Wolfgang Peterson: Das Boot
Steven Spielberg: E.T. the Extra-Terrestrial
Richard Attenborough: Gandhi (winner)
Sydney Pollack: Tootsie
Sidney Lumet: The Verdict
Before movie studios started backloading their catalogs in an effort to gain Oscar nominations, the greatest single month of movies (in my opinion) was June, 1982. Within three weeks of each other, E.T. the Extra-Terrestrial, The Thing, Blade Runner, Star Trek II: The Wrath of Khan, and Poltergeist were released. Of those, only one received a nomination for director. The Academy’s bias against horror kept John Carpenter and Tobe Hooper out of the running. The bias against science fiction negated Nicholas Meyer’s chances. That and the crappy voiceover killed the nomination of Ridley Scott. Who else got snubbed? How about Ingmar Bergman for Fanny and Alexander? How about Werner Herzog for Fitzcarraldo?
Weeding through the Nominees
5: Best month of film ever notwithstanding, I’m punting E.T. the Extra-Terrestrial off the top as the film least deserving of this nomination. There are plenty of films where Steven Spielberg deserved a nomination, including a few he wasn’t nominated for, but this is one he didn’t deserve at all. There’s nothing particularly terrible about it, but there’s also nothing really exceptional in the direction that I can see. It’s fine, but except for specific Spielberg touches, this isn’t a film that couldn’t have been as good in someone else’s hands.
4: I have the same complaint with Sidney Lumet’s The Verdict. There’s nothing particularly terrible about this film, but there’s also nothing particularly great about it. There are significant story problems with the film, and I have trouble taking it seriously. Again, while I don’t really have a lot of negatives regarding the direction here, I also don’t really have a lot of positives. I like the way the ending was handled—the bit after the trial—but that’s not nearly enough to raise it to the level of Best Director.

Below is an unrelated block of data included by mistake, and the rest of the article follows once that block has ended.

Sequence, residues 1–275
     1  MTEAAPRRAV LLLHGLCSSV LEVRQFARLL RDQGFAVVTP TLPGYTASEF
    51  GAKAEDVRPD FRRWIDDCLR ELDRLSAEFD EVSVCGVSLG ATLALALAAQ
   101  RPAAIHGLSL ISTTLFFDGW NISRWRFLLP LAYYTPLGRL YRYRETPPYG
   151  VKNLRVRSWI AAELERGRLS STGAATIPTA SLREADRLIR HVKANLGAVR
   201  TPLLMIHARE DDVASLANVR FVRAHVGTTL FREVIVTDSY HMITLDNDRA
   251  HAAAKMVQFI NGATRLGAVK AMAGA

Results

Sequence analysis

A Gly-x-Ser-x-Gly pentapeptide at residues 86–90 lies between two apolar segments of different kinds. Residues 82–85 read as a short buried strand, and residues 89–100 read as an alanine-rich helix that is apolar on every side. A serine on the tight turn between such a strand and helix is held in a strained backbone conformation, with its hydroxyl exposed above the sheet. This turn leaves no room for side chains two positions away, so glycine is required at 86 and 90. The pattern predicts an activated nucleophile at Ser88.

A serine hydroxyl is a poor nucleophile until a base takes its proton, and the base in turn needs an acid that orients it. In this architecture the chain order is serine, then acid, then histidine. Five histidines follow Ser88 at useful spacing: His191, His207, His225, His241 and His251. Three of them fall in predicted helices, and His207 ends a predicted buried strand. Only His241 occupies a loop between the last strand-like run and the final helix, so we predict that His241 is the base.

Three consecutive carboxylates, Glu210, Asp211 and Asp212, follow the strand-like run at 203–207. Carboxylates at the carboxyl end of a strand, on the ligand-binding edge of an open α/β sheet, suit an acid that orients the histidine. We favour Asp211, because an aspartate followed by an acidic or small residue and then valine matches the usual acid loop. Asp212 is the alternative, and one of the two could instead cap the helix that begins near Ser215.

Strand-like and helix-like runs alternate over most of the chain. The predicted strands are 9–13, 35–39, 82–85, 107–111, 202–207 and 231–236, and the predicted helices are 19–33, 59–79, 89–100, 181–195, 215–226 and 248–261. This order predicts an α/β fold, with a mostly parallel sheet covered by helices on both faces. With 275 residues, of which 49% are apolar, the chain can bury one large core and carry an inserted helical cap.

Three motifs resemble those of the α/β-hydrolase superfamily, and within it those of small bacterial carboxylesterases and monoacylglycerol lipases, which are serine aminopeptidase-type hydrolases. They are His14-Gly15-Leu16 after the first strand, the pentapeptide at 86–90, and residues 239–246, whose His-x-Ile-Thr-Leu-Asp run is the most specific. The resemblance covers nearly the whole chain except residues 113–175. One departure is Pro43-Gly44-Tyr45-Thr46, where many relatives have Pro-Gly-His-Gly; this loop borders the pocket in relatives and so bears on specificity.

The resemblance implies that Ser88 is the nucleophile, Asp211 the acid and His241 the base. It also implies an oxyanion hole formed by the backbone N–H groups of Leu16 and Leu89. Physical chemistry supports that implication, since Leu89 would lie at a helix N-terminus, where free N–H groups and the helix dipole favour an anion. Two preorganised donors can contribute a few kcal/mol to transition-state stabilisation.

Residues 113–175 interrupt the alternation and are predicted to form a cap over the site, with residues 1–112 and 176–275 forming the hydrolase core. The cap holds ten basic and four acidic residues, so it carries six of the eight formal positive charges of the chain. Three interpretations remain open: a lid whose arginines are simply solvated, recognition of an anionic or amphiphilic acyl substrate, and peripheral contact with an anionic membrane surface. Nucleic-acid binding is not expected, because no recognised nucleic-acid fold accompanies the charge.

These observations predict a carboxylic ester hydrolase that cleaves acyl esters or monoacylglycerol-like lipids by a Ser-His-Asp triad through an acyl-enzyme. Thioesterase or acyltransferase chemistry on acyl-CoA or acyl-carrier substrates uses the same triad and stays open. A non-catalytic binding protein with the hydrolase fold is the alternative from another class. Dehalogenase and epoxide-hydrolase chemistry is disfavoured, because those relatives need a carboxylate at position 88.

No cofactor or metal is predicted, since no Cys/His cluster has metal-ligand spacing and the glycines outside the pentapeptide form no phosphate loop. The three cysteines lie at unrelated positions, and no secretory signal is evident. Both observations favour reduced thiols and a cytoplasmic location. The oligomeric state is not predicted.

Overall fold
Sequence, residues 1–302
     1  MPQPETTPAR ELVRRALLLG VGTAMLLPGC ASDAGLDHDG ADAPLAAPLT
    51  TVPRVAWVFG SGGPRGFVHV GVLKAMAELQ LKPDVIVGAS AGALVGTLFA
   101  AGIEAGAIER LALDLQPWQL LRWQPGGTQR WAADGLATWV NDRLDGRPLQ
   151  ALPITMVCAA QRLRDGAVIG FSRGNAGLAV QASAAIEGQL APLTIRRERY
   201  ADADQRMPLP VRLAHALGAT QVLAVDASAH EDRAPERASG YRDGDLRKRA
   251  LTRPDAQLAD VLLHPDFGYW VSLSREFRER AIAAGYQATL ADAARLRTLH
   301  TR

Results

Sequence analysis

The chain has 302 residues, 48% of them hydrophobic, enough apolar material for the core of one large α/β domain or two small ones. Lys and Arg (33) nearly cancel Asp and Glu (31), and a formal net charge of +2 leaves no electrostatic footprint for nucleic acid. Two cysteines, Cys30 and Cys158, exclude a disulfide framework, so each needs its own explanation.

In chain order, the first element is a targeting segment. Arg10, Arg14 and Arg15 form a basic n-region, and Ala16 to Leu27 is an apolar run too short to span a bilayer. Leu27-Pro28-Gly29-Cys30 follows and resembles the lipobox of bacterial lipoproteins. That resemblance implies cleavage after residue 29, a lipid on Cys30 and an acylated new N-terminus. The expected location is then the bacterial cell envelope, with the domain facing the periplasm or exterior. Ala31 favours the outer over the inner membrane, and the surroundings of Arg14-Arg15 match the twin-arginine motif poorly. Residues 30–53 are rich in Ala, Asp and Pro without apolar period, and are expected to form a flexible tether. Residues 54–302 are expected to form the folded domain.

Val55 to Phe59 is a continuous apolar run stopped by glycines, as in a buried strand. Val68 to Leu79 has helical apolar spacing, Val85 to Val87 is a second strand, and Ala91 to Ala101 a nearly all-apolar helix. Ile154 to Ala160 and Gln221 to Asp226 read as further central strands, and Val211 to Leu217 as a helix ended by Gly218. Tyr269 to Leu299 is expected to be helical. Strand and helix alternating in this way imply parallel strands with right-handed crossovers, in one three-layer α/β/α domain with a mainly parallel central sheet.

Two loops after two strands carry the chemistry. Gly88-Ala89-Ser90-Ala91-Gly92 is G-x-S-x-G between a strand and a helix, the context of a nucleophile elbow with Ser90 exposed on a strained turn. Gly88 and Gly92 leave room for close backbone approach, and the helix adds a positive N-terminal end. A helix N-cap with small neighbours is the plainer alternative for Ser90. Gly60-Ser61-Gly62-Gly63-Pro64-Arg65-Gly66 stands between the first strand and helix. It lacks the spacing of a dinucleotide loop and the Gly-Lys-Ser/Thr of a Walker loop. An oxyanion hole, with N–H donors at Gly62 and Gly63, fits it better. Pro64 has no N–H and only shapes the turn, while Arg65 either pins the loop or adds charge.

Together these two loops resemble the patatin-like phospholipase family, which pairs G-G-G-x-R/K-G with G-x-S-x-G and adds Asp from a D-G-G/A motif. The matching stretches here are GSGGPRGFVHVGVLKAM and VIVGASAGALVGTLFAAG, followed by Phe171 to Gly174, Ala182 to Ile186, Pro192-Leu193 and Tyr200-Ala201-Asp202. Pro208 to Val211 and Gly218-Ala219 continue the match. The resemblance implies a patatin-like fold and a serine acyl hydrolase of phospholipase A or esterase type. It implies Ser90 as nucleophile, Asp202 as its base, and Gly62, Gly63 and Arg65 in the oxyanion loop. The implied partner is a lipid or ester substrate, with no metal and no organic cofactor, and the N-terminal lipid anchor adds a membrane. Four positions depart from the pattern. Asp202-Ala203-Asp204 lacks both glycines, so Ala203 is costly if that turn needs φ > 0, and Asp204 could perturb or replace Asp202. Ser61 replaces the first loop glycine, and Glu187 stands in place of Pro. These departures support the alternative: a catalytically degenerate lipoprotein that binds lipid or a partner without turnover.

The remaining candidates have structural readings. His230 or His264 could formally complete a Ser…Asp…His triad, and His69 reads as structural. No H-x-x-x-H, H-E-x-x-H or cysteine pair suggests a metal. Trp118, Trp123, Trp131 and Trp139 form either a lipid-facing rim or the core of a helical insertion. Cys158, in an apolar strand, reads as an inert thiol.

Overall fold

3: There is an evident sense that a well-made epic deserves a nod for the director. That’s almost certainly the case with our winner, Richard Attenborough for Gandhi. Attenborough almost certainly benefited by directing the film that eventually won the Oscar, but did he really deserve to? He gets a lot of credit for managing to keep the whole story coherent and putting the thing on the screen, but so what? The biggest problem with Gandhi is that it’s too damn long in the first place and not a film that bears a lot of rewatching. I don’t think he gets this Oscar if the votes were tallied today. He probably still gets a nomination, but not the statue.
2: Tootsie is a smart movie from start to finish, and I appreciate that about it. There’s a lot to like in the direction as well. Pollack tells the story well, and for me, that’s what this award is all about. I like that he focuses on things that aren’t always a part of the main story. I appreciate how well the humor works in the context of a film that isn’t always funny or trying to be funny. More than that, I like how subtle it frequently is. We’re given moments of humor that we have to find the funny in rather than having neon signs pointing to the jokes. Sydney Pollack treats his audience like it has a brain, and that’s a good thing.
1: For me, though, there is really only one choice for this award based on the five nominees. I’d have loved to have seen a nomination for Werner Herzog, and had he been nominated for Fitzcarraldo, I’d have had a hard time choosing. But of the five we have, Wolfgang Peterson’s work on Das Boot is far and away the best of the bunch, and I think the best directorial performance of 1982. This is a movie I can’t sit to watch. I can sit for parts, but the claustrophobia runs thick in it, and all of that comes from Peterson, who manages to make the submarine a character in its own right. He was robbed here, and I think anyone who has seen both this and Gandhi knows it.